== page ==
Struggles over expertise manifest themselves rhetorically in several ways. One is an invocation of conceptual systems versus material practices. We find, for example, in the x-ray backscatter study multiple instances where an assertion of expertise relative to epistemic registers is made by reference to conceptual systems (e.g., emphases on the statistical likelihood of “glitches” over normal functioning, or comparative analogies to other types of generally held knowledge or generally practiced activities). At the same time, those who argue for a kind of expertise that resides in phronetic practices refer to material practices (e.g., emphases on the physically or otherwise tangibly experienceable implications of practices within existing systems/plans, often reinforced by metaphors like “cancer cluster” pointing to the physical manifestations of invisible radiation energy). Relatedly, we find in this latter category a distinct concern with questions of visibility. The lack of use of dosimeters by TSA agents in the so-called ‘cancer cluster’ at Logan led agents to express concerns because of their resultant inability to ‘see,’ and thus be able to prove or disprove through demonstration-in-practice, the material existence of empirical danger.

The phronetic approach to expertise therefore involves the idea that, while there are no universally ‘right’ or ‘wrong’ uses of expertise in a given situation or who can be assumed to possess it, there are better and worse uses of expertise. Appeals to this type of expertise are characterized by a grounding of claims in material uses and practices--a making-available of materially grounded arguments to deliberations about the locus of expertise. Conversely, the same argumentative mechanisms are denied to the opponents of x-ray scanners. Epistemically oriented expert systems counter claims with conceptual ideas, focused on an ideal norm (as it exists within epistemic considerations of the case) that invalidate or minimize the importance of the opponents’ concerns.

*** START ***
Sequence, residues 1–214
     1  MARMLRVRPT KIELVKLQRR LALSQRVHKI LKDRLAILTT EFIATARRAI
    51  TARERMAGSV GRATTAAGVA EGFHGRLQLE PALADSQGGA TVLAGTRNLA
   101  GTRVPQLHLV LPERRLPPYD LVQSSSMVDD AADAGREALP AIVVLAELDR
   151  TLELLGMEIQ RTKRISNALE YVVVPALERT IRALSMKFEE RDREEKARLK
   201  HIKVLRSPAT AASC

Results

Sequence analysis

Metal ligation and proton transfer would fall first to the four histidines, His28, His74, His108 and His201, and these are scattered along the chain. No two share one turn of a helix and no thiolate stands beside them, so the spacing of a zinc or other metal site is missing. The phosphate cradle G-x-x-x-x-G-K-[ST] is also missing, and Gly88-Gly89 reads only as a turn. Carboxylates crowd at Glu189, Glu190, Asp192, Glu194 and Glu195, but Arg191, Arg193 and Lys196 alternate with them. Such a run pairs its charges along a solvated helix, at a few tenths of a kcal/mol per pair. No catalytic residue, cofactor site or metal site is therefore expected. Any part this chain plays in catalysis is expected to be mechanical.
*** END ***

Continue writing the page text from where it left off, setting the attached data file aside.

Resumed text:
We find similar rhetorical characteristics in the Beverly Hills case, albeit with a different and opposite critical outcome. In this case, opponents couched their claims in highly precautionary terms that assess placement of the tunnel only in terms of worst cases (Ewald, 2001). This criterion allowed the opponents to suggest that its placement might make the high school a prime target for terrorist attacks, despite the large amount of earth buffering the school from the proposed tunnel and the nearby presence of more populated targets such as universities, business districts, and residential towers (Wilen, 2010). This line of argument assigns infinite, exclusive, and equal values both to the lives of students and to their educational experience, by implying that even minor noise disruptions to the school during a brief period of construction would irreparably damage students and that there is no conceivable set of benefits that could justify such disruptions. By equivocating such claims with claims about physical safety, opponents could close off any considerations of other benefits from a subway expansion to populations beyond the Beverly Hills schools. In doing so, residents of Beverly Hills eliminated any role for expertise, by suggesting that possibility, not probability, is the key issue in siting debates. Remarkably, this occurred even in a situation that revolved around scientific and technical experts—for instance, environmental scientists assessing soil conditions and engineers outlining the refinement and safety of tunnel boring technology.